Author(s): SteinZamir C, Abramson N, Shoob H, Zentner G
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Abstract Measles elimination in Europe is hindered by recurrent outbreaks, typically in non-immunised specific sub-populations. In 2003 and 2004, two measles outbreaks occurred in Jewish ultra-orthodox communities in Jerusalem, Israel. In 2007, another measles outbreak emerged in Jerusalem. Epidemiological investigation and control activities were initiated. Three measles cases (15 years old, 22 years old and an infant; all unvaccinated) were diagnosed in Jerusalem in August 2007. All three belonged to Jewish ultra-orthodox communities in London, United Kingdom, and had had contact with patients in London. The epidemiological investigation did not reveal any connection between these cases other than their place of origin. The disease spread rapidly in extremely ultra-orthodox sub-groups in Jerusalem. Until 8 January 2008, 491 cases were reported. Most patients (70\%) were young children (0-14 years old), 96\% unimmunized. Frequently, all the children in a large family were infected; two thirds of the cases belonged to family clusters of more than two patients per family (in part due to non-compliance with post-exposure prophylaxis recommendations). The high age-specific incidence among infants 0-1-year- (408.5/100,000) and 1-4-year-olds (264.1/100,000) is a cause for concern. The hospitalisation rate was 15\% (71/491), mainly due to fever, patients (26.7\%) presented with pneumonitis or pneumonia and two patients presented with encephalitis. There have not been any deaths to date. The outbreak was apparently caused by measles importation into unprotected groups. Despite a high national immunisation coverage (94-95\%), programmes to increase and maintain immunisation coverage are essential, with special focus on specific sub-populations.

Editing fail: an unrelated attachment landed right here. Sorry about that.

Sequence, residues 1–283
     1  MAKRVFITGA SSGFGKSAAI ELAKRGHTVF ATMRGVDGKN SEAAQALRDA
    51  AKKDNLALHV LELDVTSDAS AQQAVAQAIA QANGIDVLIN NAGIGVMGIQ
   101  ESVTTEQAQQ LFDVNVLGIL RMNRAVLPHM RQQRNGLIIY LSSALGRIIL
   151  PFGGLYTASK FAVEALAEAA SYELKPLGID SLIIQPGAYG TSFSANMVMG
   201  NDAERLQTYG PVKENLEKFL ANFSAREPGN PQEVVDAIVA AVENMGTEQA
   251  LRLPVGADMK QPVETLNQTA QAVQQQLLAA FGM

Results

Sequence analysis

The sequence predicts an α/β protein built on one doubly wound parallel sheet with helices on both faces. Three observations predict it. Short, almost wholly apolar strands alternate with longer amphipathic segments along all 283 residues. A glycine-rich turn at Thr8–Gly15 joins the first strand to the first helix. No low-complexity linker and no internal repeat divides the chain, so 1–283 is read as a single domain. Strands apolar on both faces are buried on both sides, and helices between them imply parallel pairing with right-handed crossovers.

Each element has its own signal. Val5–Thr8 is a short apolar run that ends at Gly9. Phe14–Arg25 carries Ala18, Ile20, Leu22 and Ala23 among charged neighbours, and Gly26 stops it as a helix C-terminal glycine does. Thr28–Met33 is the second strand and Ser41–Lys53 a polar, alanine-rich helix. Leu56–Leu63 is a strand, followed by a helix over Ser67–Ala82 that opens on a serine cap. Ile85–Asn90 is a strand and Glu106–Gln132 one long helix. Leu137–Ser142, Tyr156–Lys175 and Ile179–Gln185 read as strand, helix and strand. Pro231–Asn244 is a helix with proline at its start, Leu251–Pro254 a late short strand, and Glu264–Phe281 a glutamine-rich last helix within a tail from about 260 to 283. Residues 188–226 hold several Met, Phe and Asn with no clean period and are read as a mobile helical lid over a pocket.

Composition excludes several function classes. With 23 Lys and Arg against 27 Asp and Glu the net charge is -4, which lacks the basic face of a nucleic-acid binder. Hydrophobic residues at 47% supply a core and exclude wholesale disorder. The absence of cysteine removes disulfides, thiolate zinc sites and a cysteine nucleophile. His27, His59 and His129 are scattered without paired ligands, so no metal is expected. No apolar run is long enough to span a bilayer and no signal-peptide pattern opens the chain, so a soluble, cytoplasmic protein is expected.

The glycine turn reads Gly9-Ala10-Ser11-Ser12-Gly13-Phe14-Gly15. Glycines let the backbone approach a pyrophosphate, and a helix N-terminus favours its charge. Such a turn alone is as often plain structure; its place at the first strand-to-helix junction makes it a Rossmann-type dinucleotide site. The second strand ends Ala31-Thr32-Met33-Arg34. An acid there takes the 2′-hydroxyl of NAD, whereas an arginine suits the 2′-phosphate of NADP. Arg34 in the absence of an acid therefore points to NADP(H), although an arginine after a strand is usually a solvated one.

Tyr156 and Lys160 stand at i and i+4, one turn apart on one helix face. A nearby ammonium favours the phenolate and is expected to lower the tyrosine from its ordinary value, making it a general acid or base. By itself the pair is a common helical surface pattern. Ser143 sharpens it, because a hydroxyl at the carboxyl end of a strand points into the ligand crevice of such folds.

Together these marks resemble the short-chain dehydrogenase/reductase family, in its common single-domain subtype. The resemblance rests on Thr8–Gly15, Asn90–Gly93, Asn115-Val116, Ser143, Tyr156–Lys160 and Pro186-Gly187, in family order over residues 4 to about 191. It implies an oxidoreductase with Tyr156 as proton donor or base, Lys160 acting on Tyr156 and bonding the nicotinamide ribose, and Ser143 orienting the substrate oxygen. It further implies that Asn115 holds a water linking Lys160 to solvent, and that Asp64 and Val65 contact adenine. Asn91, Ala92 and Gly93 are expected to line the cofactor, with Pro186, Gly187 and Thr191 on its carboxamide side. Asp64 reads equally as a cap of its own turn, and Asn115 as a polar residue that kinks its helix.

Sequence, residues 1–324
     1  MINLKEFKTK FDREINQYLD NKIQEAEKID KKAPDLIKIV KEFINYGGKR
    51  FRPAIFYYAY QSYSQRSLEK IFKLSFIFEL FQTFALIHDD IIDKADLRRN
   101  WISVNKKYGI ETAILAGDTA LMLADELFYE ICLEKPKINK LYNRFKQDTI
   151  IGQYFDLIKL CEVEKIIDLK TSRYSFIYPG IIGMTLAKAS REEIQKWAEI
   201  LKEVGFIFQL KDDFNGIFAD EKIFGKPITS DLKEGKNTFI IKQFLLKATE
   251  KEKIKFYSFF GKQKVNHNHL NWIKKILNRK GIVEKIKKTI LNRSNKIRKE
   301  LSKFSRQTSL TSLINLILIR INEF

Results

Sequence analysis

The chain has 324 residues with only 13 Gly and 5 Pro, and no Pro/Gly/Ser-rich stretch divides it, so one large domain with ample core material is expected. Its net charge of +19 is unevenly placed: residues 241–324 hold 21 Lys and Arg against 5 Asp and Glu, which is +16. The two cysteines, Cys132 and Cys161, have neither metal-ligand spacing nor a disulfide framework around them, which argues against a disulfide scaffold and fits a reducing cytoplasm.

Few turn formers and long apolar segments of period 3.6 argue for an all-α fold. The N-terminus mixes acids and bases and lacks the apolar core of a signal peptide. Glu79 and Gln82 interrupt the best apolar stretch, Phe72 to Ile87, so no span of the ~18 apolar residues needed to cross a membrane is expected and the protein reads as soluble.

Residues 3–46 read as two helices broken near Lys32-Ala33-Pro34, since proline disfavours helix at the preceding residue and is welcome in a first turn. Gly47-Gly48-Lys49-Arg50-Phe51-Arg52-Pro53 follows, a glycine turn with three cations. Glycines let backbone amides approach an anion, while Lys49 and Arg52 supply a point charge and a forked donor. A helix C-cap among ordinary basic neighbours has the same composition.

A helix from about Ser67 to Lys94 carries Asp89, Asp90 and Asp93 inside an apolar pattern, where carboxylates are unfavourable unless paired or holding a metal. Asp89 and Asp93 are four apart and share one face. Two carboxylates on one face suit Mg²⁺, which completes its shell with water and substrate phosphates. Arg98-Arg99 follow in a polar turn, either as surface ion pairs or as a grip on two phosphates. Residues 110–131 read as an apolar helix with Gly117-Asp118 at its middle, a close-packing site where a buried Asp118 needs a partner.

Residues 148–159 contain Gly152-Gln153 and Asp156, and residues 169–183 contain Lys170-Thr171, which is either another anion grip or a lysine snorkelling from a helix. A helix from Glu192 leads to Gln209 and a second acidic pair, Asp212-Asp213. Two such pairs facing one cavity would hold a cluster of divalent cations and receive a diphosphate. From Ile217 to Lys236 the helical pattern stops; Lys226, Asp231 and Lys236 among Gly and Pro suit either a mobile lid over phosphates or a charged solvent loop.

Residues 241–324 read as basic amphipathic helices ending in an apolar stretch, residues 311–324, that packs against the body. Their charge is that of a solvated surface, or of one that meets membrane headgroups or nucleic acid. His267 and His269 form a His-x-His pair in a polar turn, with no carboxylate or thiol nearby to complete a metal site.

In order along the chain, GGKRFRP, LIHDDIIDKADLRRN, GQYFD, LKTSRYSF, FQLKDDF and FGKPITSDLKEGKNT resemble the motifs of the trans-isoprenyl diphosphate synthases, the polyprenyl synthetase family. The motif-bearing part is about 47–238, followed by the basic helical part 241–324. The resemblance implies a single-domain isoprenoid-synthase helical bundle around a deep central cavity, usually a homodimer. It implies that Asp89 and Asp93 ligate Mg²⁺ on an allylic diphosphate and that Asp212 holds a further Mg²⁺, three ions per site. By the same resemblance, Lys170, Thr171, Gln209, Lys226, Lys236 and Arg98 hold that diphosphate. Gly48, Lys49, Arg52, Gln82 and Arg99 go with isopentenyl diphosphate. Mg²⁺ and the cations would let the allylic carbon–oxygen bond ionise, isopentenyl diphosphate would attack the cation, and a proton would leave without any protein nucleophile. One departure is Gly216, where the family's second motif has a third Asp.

This article was published in Euro Surveill
and referenced in Epidemiology: Open Access